Geunmin Kang and Hyunmin Cho were excited about the present from one of their customers. They posted a picture of it on their Facebook page: two bags of Tampa-based Vigo rice mixes. Not exactly a glamorous hostess gift, but precisely what might thrill the owners of the Tampa Sandwich Bar in Seoul, Korea, which opened in October in the Mapo district northwest of the Han River. There you'll find fried Oreos, po' boys, o-rings and other American staples, but the star of the show is the house Cuban sandwich.
Full disclosure: Kang and Cho have yet to visit Tampa.
They perfected their considerable Tampa-style sandwich chops by Googling and watching YouTube videos. I hear diehard Cuban fans grousing now: What about the Genoa salami? And are they pressing them right?
Jeff Houck can vouch for them. The marketing and public relations manager of Columbia Restaurant Group happened upon the restaurant while doing a social media search of the hashtag Tampa. Tampa Sandwich Bar came up on Instagram.
"And then I see all this Korean text," Houck said. "The more you look at it, you see that they've spent a lot of time connecting emotionally to Tampa cuisine."
Yes, there's salami on the Cubans, and yes, they are pressing the heck out of these babies, posting an instructive short video on their Facebook page about the precise diagonal angle for the bisecting slice. The small restaurant goes heavy on the American craft beer, with hand-cut fries, wings and a phalanx of Heinz ketchup bottles along one wall. There are a few wobbles in the verisimilitude — a mac and cheese sandwich may be a bit geographically loose, and sandwiches seem to be accompanied by little ramekins of pickled root veggies, an innovation that doesn't sound half bad.
The duo said via email that 40 percent of their customer base is foreigners, largely American and British visitors and expats. And for the locals, there was a steep learning curve. Koreans, they say, aren't accustomed to paying a lot of money for sandwiches, items traditionally thought of as a snack or a picnic nosh rather than a meal. What aided Kang and Cho in their quest to popularize American sandwiches was the 2014 indie film Chef, which followed a Los Angeles fine-dining chef who takes to the road with a wildly popular food truck selling scene-stealing Cuban sandwiches.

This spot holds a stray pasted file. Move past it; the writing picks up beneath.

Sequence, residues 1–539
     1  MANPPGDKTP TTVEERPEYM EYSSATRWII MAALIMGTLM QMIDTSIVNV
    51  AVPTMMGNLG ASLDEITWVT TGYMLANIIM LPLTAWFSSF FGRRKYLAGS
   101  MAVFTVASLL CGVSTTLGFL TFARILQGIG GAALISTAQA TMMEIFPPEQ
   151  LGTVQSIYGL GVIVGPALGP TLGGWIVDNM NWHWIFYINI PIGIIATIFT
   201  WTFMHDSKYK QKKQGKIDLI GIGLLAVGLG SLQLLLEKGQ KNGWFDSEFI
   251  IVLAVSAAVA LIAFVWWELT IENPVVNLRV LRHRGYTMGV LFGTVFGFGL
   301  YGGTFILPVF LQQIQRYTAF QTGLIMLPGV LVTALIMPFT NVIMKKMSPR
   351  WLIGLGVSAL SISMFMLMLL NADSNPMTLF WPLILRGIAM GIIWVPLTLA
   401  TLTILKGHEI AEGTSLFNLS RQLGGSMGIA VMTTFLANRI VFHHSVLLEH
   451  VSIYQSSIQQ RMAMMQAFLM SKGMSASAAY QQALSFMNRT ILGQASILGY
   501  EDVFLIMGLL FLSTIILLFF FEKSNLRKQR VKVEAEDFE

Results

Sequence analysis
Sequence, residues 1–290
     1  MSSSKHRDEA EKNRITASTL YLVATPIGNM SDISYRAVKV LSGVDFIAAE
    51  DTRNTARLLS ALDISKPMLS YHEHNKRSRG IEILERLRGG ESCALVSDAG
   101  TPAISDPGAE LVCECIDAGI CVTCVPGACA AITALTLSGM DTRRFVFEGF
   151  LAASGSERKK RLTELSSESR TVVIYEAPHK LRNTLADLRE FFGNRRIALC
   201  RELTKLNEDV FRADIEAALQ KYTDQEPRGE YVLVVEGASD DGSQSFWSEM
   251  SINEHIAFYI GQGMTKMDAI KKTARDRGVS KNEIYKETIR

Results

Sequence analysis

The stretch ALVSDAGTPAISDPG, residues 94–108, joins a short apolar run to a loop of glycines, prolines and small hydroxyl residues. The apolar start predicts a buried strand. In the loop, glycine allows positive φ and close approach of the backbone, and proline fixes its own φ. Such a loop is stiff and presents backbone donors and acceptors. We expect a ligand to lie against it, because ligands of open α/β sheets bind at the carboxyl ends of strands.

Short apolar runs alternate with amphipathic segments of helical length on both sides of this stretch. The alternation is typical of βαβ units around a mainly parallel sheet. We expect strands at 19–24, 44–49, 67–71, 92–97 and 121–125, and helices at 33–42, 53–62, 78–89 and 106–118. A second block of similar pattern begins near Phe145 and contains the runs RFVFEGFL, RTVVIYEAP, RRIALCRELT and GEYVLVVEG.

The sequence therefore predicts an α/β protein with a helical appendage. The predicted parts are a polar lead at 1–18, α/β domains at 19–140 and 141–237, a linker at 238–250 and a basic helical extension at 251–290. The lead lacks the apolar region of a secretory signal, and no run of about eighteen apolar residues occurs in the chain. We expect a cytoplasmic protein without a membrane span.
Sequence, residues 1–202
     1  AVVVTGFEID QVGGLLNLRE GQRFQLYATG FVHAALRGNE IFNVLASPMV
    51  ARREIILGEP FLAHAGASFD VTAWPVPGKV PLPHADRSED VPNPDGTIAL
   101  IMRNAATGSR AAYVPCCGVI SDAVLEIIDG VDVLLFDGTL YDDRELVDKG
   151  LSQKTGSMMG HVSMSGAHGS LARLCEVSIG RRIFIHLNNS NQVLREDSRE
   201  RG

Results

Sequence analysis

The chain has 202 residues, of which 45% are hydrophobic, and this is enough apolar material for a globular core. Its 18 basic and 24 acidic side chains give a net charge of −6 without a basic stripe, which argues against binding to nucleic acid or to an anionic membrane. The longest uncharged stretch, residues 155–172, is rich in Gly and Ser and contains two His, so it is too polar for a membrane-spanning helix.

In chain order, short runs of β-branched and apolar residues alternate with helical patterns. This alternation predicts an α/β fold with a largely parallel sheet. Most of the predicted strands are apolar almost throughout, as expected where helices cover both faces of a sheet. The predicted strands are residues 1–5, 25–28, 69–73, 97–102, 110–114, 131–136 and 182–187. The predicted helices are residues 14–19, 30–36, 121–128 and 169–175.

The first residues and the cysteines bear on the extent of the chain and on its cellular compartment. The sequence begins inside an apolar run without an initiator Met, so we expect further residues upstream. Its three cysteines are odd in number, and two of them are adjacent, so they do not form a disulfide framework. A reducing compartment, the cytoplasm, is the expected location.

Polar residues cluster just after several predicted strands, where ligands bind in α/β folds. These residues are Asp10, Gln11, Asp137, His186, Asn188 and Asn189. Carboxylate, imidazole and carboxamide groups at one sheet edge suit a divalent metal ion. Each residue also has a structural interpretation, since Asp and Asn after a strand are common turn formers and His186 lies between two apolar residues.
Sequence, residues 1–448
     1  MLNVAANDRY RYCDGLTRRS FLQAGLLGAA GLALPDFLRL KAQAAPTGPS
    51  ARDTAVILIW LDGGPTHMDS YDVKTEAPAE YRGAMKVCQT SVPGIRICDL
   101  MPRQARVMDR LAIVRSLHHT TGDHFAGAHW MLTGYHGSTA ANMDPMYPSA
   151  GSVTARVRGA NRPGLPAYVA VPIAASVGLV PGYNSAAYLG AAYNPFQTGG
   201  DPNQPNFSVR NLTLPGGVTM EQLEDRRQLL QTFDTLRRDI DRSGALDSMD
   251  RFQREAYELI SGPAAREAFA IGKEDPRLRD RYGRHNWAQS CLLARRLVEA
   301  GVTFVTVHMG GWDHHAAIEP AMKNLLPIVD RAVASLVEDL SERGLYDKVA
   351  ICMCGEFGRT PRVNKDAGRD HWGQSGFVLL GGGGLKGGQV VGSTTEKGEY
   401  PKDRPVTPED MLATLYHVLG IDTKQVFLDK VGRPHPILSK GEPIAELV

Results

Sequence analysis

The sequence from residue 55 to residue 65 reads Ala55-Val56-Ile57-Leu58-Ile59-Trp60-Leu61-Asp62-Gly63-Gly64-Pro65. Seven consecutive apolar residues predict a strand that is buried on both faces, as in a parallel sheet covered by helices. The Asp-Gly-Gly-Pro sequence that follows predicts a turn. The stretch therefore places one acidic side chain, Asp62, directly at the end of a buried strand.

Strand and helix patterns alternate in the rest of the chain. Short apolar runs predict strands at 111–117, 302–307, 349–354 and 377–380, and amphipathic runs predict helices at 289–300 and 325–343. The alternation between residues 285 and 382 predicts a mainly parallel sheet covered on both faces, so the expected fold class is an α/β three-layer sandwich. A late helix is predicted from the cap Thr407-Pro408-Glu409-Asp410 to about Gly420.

There are some impediments to achieving Tampa sandwich nirvana. Some ingredients are tricky to find in Seoul, and they are in need of some proper tools.
"We haven't found the press tool 'plancha' in Korea. So we use alternative press tool, which is originally (used) for Italian panini," they wrote. "So one of our goals is that if we can go to Tampa later, we'll buy the plancha."
They may have a chance to get their hands on one, as Tampa Sandwich Bar is poised to take it up a level.
First, the Columbia Restaurant mailed a care package last week: a Columbia Restaurant cookbook, Spanish rice, sangria mix, Cuban coffee, saffron and smoked paprika along with a paella pan, a bottle of the famous 1905 salad dressing and some mood music that includes a CD called Music from the Latin Quarter.
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Visit Tampa Bay is also getting in on the fun. Ciarra Luster, who does digital engagement for the organization, saw a recent article on the sandwich shop in the magazine Suburban Apologist. This week she packed up a box of Cigar City Brewing-abilia, Gasparilla beads, brochures and other Tampa-centric swag to gussy up the sandwich shop.
But it's March 2017 when their mettle will be tested. They will come to Tampa as contestants in the sixth annual Cuban Sandwich Festival. Kang and Cho have been grilling Houck about the precise recipe for the roast pork.
"They really seemed to care about getting it right," Houck said. "If you look at their logo, they've clearly been on the city of Tampa's website. It looks like an official font."
He says observing Kang and Cho's efforts and the details of the Tampa Sandwich Bar provides a window into how Tampa is perceived internationally. But will all this long-distance adulation mean they have a shot at winning top Cuban? Maybe what the iconic Tampa sandwich needed all along was a little bit of Seoul.
Contact Laura Reiley at firstname.lastname@example.org or (727) 892-2293. Follow @lreiley on Twitter.